My parents arrived here from northern Europe as children, after having endured the horrors of World War II. For them, like so many others who came before and after them, Canada has been a haven - a place of true promise for fresh beginnings. And while it certainly has not been an easy transition, their early hardships absolutely ensured a better way of life for my children and me. 
So, in appreciation for having been born and raised Canadian, here are just a few of the reasons I love this country:
1)   Freedom – We can be who we are and live how we wish without fear of government interference.
2)   Collective Social Conscience – From universal health care to welfare assistance… We care about our citizens, and the amount of money we pour into all our social programs is proof of that.
3)   Multicultural Heritage – Our diverse collection of ethnicities provides us with a more global perspective and makes us more tolerant of each other’s differences. It’s also why there are more interesting varieties of food available in our grocery stores and restaurants. (Yup, it’s all about the food!)
4)   Breathtaking Wilderness – From the Rocky Mountains to Georgian Bay, Ellesmere Island to Fundy National Park we have one beautiful country!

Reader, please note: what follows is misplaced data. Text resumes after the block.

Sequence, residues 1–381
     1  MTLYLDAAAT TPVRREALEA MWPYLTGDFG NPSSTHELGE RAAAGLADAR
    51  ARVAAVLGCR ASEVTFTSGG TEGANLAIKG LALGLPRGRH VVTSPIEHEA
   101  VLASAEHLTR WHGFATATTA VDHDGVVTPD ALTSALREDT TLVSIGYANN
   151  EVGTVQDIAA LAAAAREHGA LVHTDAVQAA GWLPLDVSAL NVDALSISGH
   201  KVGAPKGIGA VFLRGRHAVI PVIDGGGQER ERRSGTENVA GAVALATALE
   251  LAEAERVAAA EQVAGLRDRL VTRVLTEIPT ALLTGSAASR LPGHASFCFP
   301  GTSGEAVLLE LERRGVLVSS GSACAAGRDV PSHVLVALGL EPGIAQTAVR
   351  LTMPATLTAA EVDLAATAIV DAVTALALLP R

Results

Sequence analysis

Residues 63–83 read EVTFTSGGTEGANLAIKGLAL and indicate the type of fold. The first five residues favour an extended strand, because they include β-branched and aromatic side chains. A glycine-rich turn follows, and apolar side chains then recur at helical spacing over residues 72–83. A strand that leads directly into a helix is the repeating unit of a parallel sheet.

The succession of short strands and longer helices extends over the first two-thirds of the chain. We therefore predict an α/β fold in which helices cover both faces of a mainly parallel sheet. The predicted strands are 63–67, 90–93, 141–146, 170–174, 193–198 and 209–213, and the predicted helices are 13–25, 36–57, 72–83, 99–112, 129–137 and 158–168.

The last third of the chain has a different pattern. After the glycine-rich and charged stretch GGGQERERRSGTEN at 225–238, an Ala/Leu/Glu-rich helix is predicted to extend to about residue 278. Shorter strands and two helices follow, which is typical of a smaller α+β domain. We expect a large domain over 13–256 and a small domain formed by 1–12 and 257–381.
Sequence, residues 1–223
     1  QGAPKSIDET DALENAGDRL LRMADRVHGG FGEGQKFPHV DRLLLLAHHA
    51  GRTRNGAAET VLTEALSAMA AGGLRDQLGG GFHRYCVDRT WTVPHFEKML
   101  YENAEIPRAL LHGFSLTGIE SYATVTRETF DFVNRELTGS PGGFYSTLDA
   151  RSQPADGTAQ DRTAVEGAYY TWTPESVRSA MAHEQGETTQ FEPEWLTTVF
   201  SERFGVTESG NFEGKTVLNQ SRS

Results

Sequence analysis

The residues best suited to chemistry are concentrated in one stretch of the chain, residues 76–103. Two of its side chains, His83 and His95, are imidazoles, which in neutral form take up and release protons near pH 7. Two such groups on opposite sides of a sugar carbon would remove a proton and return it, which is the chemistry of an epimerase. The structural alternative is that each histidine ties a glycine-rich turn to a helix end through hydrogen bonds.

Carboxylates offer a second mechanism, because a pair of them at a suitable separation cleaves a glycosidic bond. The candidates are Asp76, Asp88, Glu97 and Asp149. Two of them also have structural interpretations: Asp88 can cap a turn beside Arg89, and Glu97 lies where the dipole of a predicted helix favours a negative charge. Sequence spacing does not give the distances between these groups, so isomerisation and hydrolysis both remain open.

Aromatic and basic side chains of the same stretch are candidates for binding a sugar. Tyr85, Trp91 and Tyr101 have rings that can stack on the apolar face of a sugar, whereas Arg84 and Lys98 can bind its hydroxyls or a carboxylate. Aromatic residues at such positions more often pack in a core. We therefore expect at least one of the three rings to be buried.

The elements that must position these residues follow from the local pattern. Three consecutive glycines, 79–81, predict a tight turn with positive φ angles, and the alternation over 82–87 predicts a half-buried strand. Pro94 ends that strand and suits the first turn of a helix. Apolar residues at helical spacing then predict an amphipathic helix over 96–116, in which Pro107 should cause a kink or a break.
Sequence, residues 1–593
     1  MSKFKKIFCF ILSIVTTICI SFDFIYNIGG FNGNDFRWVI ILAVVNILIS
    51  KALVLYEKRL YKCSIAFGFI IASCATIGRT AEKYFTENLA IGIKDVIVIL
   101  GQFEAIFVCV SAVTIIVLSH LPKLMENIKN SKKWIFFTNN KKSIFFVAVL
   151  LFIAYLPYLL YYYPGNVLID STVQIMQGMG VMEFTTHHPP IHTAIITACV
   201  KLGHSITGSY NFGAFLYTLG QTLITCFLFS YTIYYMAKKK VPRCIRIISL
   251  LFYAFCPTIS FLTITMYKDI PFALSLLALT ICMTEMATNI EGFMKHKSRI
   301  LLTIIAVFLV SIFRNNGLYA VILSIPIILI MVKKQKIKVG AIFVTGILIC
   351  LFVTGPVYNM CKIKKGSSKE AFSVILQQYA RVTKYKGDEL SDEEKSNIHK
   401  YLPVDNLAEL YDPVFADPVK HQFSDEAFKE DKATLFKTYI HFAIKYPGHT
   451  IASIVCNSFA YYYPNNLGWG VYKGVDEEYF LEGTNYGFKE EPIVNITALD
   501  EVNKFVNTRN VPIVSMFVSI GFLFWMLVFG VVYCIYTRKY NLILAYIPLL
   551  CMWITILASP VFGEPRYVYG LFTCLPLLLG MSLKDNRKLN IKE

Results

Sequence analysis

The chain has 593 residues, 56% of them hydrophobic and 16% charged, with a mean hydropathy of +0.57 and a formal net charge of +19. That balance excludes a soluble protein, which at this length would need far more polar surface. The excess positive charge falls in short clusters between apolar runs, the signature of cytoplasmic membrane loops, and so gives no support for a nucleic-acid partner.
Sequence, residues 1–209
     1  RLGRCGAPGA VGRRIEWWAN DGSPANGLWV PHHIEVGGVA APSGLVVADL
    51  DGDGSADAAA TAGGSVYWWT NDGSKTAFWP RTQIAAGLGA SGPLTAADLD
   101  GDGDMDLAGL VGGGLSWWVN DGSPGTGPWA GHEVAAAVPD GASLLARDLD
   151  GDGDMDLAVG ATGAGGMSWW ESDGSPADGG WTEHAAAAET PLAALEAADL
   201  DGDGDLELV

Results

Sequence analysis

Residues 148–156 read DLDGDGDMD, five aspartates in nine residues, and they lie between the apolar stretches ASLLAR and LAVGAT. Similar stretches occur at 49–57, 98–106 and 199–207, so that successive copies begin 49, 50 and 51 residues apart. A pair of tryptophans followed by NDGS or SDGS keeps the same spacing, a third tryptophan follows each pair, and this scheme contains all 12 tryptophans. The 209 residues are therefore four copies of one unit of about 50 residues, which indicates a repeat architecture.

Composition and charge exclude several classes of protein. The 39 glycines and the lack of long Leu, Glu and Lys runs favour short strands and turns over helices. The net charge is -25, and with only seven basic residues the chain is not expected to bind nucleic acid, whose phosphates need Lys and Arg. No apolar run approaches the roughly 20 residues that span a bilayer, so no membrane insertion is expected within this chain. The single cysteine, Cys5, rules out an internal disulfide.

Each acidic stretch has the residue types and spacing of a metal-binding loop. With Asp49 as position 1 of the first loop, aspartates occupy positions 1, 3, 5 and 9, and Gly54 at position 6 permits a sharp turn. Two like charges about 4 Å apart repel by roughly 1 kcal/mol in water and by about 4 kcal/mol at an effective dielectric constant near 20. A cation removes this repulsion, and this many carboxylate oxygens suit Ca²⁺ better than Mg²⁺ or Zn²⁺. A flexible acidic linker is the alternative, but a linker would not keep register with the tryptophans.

5)   Greenpeace and David Suzuki – One kick-ass environmental organization and a crusader who has spent his life educating and inspiring us all.
6)   Peacekeepers – We don’t start wars and we don’t finish them. Instead, our brave men and women soldier up in an effort to bring harmony to devastated communities. These are true heroes who do us all proud.
7)   The CBC – for preserving and celebrating our unique Canadian perspective.
8)   Maple Syrup – What would pancakes be without it?
9)   Four Seasons – Because it's good to mix things up and the weather around here always sparks conversation.
10)   Good Manners – What can I say… our mothers raised us right and the world knows it!
Thank you, Canada and happy birthday, eh!